2004 WHO Health Evidence Network

75. Effect of verification bias on screening for prostate cancer by measurement of prostate-specific antigen. Full Text available with Trip Pro

Effect of verification bias on screening for prostate cancer by measurement of prostate-specific antigen. The sensitivity and specificity of a screening test are biased when disease status is not verified in all subjects and when the likelihood of confirmation depends on the test result itself. We assessed the screening characteristics of the prostate-specific antigen (PSA) measurement after correction for verification bias.Between 1995 and 2001, 6691 men underwent PSA-based screening (...) for prostate cancer. Of these men, 705 (11 percent) subsequently underwent biopsy of the prostate. Under the assumption that the chance of undergoing a biopsy depends only on the PSA-test result and other observed clinical variables, we used a mathematical model to estimate adjusted receiver-operating-characteristic (ROC) curves.Adjusting for verification bias significantly increased the area under the ROC curve (i.e., the overall diagnostic performance) of the PSA test, as compared with an unadjusted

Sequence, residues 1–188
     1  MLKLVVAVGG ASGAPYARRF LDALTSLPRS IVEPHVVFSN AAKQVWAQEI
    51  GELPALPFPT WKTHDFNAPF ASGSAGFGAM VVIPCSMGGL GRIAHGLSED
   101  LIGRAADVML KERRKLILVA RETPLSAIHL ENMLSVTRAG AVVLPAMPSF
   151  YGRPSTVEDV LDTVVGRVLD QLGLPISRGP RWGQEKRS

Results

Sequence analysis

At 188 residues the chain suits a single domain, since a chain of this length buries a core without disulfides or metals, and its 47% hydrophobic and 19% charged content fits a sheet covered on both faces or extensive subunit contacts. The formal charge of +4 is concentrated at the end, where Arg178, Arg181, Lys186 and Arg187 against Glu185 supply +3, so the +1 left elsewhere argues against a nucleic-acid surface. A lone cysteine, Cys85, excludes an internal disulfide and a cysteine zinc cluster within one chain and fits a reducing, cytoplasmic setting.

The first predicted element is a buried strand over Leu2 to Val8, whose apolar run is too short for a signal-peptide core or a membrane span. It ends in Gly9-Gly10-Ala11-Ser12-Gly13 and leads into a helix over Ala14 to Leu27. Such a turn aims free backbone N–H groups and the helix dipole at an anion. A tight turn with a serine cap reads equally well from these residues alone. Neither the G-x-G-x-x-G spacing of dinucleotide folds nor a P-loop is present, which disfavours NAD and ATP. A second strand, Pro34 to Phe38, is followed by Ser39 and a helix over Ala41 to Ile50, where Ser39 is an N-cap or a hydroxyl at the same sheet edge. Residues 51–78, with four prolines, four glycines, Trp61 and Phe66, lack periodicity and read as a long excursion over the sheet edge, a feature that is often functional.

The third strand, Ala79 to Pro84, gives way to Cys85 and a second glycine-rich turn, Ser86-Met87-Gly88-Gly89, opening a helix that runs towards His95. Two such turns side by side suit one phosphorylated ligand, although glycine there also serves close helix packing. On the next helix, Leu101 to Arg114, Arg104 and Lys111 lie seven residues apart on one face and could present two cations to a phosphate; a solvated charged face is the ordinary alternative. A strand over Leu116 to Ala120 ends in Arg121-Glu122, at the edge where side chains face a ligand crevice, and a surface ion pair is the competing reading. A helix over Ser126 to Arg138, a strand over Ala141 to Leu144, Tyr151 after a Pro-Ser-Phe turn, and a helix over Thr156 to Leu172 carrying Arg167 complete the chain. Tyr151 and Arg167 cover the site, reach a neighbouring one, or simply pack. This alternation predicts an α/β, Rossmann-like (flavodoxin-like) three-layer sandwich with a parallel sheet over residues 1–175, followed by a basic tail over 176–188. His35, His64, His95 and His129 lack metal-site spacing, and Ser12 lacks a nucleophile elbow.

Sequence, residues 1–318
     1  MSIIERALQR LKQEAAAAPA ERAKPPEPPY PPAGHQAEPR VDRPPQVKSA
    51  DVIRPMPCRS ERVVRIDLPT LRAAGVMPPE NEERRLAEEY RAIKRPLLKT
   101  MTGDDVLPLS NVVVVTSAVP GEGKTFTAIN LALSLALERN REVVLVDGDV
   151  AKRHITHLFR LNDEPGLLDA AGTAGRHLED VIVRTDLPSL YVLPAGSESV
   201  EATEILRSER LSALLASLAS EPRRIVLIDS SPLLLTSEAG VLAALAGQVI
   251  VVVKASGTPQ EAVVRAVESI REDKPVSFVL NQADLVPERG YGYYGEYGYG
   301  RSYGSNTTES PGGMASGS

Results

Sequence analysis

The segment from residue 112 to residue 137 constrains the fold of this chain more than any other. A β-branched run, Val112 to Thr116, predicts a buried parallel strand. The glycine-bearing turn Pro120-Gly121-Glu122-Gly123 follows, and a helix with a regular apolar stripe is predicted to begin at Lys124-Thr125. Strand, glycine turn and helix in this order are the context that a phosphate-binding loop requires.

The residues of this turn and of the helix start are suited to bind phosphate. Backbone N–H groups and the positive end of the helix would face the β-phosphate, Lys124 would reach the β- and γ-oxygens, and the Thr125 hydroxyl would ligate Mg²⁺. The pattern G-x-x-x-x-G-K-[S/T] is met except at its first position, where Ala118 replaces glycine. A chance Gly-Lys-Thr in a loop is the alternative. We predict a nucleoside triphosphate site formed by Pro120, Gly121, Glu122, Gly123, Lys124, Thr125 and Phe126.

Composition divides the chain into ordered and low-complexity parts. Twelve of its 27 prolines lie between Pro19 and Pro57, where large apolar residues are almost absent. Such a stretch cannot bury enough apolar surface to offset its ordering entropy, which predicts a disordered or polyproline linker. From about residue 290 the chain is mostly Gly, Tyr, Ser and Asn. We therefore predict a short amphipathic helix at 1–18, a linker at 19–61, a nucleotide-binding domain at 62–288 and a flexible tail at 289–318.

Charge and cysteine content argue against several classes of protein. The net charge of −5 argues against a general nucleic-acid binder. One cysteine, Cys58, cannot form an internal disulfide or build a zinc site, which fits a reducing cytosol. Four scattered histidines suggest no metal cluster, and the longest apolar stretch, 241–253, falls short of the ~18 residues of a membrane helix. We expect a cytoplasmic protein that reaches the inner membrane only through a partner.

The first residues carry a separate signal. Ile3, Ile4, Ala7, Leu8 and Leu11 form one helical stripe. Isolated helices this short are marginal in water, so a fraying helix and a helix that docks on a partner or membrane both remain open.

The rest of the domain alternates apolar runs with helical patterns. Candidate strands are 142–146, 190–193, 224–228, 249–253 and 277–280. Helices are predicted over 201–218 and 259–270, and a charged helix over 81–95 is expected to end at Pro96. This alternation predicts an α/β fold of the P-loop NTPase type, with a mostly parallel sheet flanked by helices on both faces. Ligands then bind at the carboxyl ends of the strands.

2003 NEJM

76. Screening for prostate cancer. (Abstract)

Screening for prostate cancer. Epidemiologically, screening is justified by the importance of the disease and the lack of prospects for primary prevention, but evidence from natural history is unhelpful since men are more likely to die with, rather than from, prostate cancer. The available screening tests do not always detect men whose lesions could result in future morbidity or mortality. Evidence is limited for the benefits of treatment for localised cancers detected through screening (...) , whereas the evidence for harm is clear. Observational evidence for the effect of population screening programmes is mixed, with no clear association between intensity of screening and reduced prostate cancer mortality. Screening for prostate cancer cannot be justified in low-risk populations, but the balance of benefit and harm will be more favourable after risk stratification. Prostate cancer screening can be justified only in research programmes designed to assess its effectiveness and help identify

2003 Lancet

77. Screening men for prostate and colorectal cancer in the United States: does practice reflect the evidence? (Abstract)